United States District Court, W.D. Virginia, Harrisonburg Division
Michael F. Urbanski Chief United States District Judge
Floyd Wilson ("Wilson"), a federal inmate
proceeding pro se, filed a "request for modification of
supervised release conditions" pursuant to 18 U.S.C.
§ 3583(e)(2). ECF No. 120. For the reasons discussed
below, Wilson's motion is denied with prejudice.
U.S.C. §3583 authorizes the court to "modify,
reduce, or enlarge the conditions of supervised release, at
any time prior to expiration or termination of the term
before modifying any conditions of supervised release, the
court must consider all the factors set forth in 18 U.S.C.
§ 3553(a). § 3583(e). The § 3553(a) factors
require the court to "consider general punishment issues
such as deterrence, public safety, rehabilitation,
proportionality, and consistency ...." United States
v. Lussier, 104 F.3d 32, 35 (2d Cir. 1997).
Conspicuously absent from the list of relevant considerations
is the legality of the condition. [... ] Subsection
3583(e)(2) on its face authorizes the court to modify
conditions of supervised release only when general punishment
goals would be better served by a modification. It does not
authorize the court to assess the lawfulness of a condition
of release. Other procedures, such as a direct appeal under
18 U.S.C. § 3742 or a collateral attack under 28 U.S.C.
§ 2255, are available to challenge the legality of a
condition of supervised release, as long as the requirements
of those procedures have been met.
Id.; See also United States v. McMahon. No.
99-4239, 2000 U.S. App. LEXIS 18182, at *12 (4th Cir. July
28, 2000) (stating that other means of challenging an illegal
sentence are "through direct appeal or, where
appropriate, a collateral attack under 28 U.S.C. §
case, Wilson alleges that the immigration condition of his
supervised release is an "illegal Judicial
banishment...." ECF No. 120, 2. Wilson argues that
"[c]ourts across the country have confirmed that
conditions, like the one currently being disputed ... are
illegal... ." Id. at 3. Therefore, Wilson
argues, the "[j]udgment should be modified to remove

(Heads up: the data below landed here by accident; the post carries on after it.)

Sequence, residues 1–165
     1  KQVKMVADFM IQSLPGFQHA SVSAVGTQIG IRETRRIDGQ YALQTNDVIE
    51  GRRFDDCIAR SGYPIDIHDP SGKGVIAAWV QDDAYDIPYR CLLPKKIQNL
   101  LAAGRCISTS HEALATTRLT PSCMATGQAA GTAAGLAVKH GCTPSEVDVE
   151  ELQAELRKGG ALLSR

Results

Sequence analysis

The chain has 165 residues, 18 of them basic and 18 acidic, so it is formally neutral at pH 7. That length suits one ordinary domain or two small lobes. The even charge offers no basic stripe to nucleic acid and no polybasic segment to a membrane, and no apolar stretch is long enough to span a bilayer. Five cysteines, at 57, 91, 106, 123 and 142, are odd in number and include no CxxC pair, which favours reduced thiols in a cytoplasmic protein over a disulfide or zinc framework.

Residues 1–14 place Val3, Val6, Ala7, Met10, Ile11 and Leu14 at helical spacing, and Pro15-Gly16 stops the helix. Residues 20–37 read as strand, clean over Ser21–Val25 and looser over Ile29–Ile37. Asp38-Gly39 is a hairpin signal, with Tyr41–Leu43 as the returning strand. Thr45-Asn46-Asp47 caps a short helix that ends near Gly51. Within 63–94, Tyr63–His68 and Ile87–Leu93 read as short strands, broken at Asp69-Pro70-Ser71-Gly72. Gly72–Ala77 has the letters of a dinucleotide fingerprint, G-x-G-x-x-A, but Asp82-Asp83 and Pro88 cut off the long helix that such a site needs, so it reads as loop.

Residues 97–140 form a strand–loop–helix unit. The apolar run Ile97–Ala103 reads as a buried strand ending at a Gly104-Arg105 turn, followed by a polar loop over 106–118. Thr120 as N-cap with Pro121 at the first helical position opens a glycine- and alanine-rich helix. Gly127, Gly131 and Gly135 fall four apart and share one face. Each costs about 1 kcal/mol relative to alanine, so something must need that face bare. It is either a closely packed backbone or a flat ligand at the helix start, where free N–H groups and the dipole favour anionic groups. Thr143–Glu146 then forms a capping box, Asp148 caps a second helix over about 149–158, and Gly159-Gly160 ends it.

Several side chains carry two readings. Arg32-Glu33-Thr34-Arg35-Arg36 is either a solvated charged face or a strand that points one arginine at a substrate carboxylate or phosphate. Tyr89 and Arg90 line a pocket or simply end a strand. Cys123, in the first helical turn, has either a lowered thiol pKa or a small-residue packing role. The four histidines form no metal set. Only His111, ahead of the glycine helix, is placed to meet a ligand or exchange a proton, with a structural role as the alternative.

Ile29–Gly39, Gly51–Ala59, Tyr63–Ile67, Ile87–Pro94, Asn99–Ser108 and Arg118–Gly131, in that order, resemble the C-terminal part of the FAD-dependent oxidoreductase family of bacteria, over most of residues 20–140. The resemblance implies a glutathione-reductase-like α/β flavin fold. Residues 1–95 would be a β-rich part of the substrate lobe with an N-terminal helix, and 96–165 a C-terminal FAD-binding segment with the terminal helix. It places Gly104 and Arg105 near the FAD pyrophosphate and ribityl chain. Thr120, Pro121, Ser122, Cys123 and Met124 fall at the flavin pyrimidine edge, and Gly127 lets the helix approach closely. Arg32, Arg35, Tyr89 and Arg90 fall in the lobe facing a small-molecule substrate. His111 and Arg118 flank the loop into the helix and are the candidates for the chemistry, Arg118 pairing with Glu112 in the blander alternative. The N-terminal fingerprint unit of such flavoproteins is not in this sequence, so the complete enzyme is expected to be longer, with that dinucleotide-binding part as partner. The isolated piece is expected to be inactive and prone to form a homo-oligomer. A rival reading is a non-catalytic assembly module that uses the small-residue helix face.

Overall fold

that illegal condition." Id. at 4.
18 U.S.C. § 3583(e)(2) nor § 3553(a) allows the
court to modify a condition of supervised release because it
is illegal. So, Wilson's motion is procedurally defective
and must be dismissed.
Wilson's motion was not procedurally defective, however,
it must still be dismissed on substantive grounds. 18 U.S.C.
§ 3583(d) states: "[i]f an alien defendant is
subject to deportation, the court may provide, as a condition
of supervised release, that he be deported and remain outside
the United States, and may order that he be delivered to a
duly authorized immigration official for such
deportation." Section 3583(d) allows "courts to add
as a condition of supervised release deportation by the INS
of defendants who are deportable, " but it does not
allow courts to "order deportation directly...
." United States v. Brotherton. 33
Fed.Appx. 78, 79 (4th Cir. 2002) (Citing United States v.
Xiang. 77 F.3d 771, 772 (4th Cir. 1996)).
Xiang, the District Court for the Eastern District of North
Carolina ordered a defendant to be deported as a condition of
his supervised release. 77 F.3d 771, 772 (4th Cir. 1996). The
district court also ordered the defendant to be
"delivered to a duly authorized immigration official for
deportation" and "[i]f deported by the Immigration
and Naturalization Service, the defendant [was ordered] not
[to] illegally reenter the United States during the period of
supervised release." Id. On appeal, the
defendant argued that the district court's order
"arrogate[d] the executive power vested in the Attorney
General to determine [his]
IcL The government argued that the district court
"merely provide[d] for the Immigration and
Naturalization Service (INS) to decide whether or not to
order the appellant's deportation." Id. The
Fourth Circuit stated "[w]hile the district court did
order the defendant's deportation as a condition of
supervised release, it also recognized that the court itself
would not accomplish the deportation because it ordered the
delivery of the defendant 'to a duly authorized
immigration official for deportation.'" Id.
at 773. Only then did the Fourth Circuit proceed to modify
the language in the district court's order to
"eliminate any ambiguity." Id.
case, the contested immigration condition states:
Upon completion of his term of imprisonment, the defendant is
to be surrendered to a duly authorized Immigration official
for deportation in accordance with the . established
procedures provided by the Immigration and Naturalization
Act., Title 8, U.S.C. Section 1101. As a further condition of
supervised release, the defendant shall remain outside the
74, 4. Like the condition in Xiang, this condition
contemplates Wilson's transfer to the proper immigration
authority. When the two sentences are read together, the
second sentence is contingent on a finding by that authority
that Wilson be deported. So, a plain reading of the condition
as a whole reveals that the court did not order Wilson
directly deported. Rather, the court ordered Wilson to be
surrendered to the proper immigration authority and, if
deported, to remain outside of the United ...